Collaboration and diversity are increasingly promoted in science. Yet how collaborations influence academic career progression, and whether this differs by gender, remains largely unknown. Here, we use co-authorship ego networks to quantify collaboration behaviour and career progression of a cohort of contributors to biennial International Society of Behavioral Ecology meetings (1992, 1994, 1996). Among this cohort, women were slower and less likely to become a principal investigator (PI; approximated by having at least three last-author publications) and published fewer papers over fewer years (i.e. had shorter academic careers) than men. After adjusting for publication number, women also had fewer collaborators (lower adjusted network size) and published fewer times with each co-author (lower adjusted tie strength), albeit more often with the same group of collaborators (higher adjusted clustering coefficient). Authors with stronger networks were more likely to become a PI, and those with less clustered networks did so more quickly. Women, however, showed a stronger positive relationship with adjusted network size (increased career length) and adjusted tie strength (increased likelihood to become a PI). Finally, early-career network characteristics correlated with career length. Our results suggest that large and varied collaboration networks are positively correlated with career progression, especially for women.
  • Liao, Wenfei; Venn, Stephen; Niemelä, Jari (2022)
    Context: Structural and functional connectivity, as subconcepts of landscape connectivity, are key factors in biodiversity conservation and management. Previous studies have focused on the consequences of connectivity for populations of terrestrial organisms, which may not be appropriate for aquatic organisms. Objectives: As landscape connectivity critically affects the potential value of ponds for biodiversity, here we used diving beetles (Dytiscidae), an indicator taxon of wetland biodiversity, to investigate how structural connectivity affects functional connectivity to aquatic invertebrates in an urban landscape. Methods: We assessed pairwise similarities of dytiscid community, i.e. the variation of species composition between clustered and isolated ponds in the Helsinki Metropolitan Area, Finland. We investigated how dytiscid community similarity is affected by Euclidean distances between ponds, as an indicator of structural connectivity. Results: We found that clustered ponds shared more species than isolated ponds. Dytiscid species community similarity responded negatively to increasing Euclidean distance between ponds. Effectively dispersing species were widely distributed across the landscape, while poor dispersers were scarcely distributed in the same landscape. Conclusions: Structural connectivity determines which species are able to disperse successfully, with poor dispersers restricted to well-connected ponds. The different responses of effective dispersers and poor dispersers to the same structural connectivity indicate that functional connectivity determines species composition. We recommend providing well-connected aquatic habitats in urban landscapes and the implementation of measures to reduce isolation of wetland assemblages. Even clustered ponds need dispersal from other habitats to ensure their contribution to urban biodiversity.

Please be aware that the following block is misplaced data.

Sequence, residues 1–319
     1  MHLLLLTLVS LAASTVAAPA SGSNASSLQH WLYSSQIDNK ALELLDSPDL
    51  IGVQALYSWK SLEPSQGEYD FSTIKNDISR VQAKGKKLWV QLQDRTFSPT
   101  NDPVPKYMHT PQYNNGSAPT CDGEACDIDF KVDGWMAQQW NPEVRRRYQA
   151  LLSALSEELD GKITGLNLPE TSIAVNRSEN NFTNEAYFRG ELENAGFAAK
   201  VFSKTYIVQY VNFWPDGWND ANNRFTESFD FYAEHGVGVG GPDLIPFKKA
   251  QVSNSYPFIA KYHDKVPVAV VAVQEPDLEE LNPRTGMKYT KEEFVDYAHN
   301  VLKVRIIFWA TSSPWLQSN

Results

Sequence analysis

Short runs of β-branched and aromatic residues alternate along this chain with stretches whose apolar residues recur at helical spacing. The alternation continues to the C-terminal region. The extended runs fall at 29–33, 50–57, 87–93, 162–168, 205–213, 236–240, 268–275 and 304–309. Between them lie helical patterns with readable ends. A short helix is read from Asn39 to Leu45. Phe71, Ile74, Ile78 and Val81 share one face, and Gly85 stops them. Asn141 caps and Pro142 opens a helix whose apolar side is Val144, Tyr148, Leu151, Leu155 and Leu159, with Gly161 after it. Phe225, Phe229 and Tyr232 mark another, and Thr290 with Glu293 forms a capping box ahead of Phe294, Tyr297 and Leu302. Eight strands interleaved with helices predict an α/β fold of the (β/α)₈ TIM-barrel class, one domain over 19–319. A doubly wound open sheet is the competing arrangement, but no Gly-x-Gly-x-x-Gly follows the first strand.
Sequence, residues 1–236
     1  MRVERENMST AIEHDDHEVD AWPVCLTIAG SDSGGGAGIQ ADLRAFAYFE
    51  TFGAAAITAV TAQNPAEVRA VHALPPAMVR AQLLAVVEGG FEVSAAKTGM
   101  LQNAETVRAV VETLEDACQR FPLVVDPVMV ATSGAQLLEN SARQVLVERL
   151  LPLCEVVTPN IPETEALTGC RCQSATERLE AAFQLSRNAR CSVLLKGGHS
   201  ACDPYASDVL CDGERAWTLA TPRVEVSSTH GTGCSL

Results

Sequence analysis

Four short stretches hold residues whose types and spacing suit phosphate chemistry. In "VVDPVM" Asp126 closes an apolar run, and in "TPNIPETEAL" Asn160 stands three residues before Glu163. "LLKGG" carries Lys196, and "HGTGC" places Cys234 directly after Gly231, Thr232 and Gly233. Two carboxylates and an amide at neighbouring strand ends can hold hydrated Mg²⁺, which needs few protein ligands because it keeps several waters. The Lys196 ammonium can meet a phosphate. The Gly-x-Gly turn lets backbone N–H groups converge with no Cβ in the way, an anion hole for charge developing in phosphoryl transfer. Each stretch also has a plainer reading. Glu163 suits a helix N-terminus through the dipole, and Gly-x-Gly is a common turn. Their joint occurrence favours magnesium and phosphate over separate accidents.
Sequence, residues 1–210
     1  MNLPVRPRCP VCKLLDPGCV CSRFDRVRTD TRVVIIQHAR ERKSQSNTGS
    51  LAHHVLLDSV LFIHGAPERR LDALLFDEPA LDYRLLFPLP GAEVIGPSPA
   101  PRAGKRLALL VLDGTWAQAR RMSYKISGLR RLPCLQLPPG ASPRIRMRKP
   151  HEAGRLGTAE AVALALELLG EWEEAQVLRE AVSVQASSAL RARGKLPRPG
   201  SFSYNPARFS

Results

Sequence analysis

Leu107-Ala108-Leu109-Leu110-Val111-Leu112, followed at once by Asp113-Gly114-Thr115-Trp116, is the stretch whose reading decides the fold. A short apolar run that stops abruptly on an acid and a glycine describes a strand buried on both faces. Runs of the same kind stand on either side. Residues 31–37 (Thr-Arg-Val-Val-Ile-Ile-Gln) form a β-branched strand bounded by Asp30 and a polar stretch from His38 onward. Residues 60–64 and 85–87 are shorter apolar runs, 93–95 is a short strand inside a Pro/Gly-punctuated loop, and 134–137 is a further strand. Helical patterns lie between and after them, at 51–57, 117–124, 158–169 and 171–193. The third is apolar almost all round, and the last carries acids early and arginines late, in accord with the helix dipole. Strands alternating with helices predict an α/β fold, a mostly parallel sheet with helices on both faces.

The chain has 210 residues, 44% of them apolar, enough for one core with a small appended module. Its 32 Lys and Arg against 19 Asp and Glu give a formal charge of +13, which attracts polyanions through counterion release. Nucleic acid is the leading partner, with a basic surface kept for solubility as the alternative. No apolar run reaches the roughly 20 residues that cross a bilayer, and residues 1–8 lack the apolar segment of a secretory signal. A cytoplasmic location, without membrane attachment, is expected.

• Fung, Pak L.; Zaidan, Martha A.; Timonen, Hilkka; Niemi, Jarkko V.; Kousa, Anu; Kuula, Joel; Luoma, Krista; Tarkoma, Sasu; Petäjä, Tuukka; Kulmala, Markku; Hussein, Tareq (2021)
    Air quality prediction with black-box (BB) modelling is gaining widespread interest in research and industry. This type of data-driven models work generally better in terms of accuracy but are limited to capture physical, chemical and meteorological processes and therefore accountability for interpretation. In this paper, we evaluated different white-box (WB) and BB methods that estimate atmospheric black carbon (BC) concentration by a suite of observations from the same measurement site. This study involves data in the period of 1st January 2017–31st December 2018 from two measurement sites, from a street canyon site in Mäkelänkatu and from an urban background site in Kumpula, in Helsinki, Finland. At the street canyon site, WB models performed (R² = 0.81–0.87) in a similar way as the BB models did (R² = 0.86–0.87). The overall performance of the BC concentration estimation methods at the urban background site was much worse probably because of a combination of smaller dynamic variability in the BC values and longer data gaps. However, the difference in WB (R²= 0.44–0.60) and BB models (R² = 0.41–0.64) was not significant. Furthermore, the WB models are closer to physics-based models, and it is easier to spot the relative importance of the predictor variable and determine if the model output makes sense. This feature outweighs slightly higher performance of some individual BB models, and inherently the WB models are a better choice due to their transparency in the model architecture. Among all the WB models, IAP and LASSO are recommended due to its flexibility and its efficiency, respectively. Our findings also ascertain the importance of temporal properties in statistical modelling. In the future, the developed BC estimation model could serve as a virtual sensor and complement the current air quality monitoring.